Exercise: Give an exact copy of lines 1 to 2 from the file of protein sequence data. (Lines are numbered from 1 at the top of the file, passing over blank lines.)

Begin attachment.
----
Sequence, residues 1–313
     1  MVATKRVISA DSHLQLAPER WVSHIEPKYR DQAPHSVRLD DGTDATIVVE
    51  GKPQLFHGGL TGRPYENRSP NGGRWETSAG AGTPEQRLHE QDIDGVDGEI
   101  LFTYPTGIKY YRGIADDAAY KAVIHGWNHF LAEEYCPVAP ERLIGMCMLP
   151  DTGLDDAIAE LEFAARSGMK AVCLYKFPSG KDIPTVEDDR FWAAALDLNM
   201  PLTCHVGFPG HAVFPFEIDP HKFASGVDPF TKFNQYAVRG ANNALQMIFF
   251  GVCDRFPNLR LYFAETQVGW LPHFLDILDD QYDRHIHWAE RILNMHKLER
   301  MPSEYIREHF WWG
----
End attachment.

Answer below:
Sequence, residues 1–313
     1  MVATKRVISA DSHLQLAPER WVSHIEPKYR DQAPHSVRLD DGTDATIVVE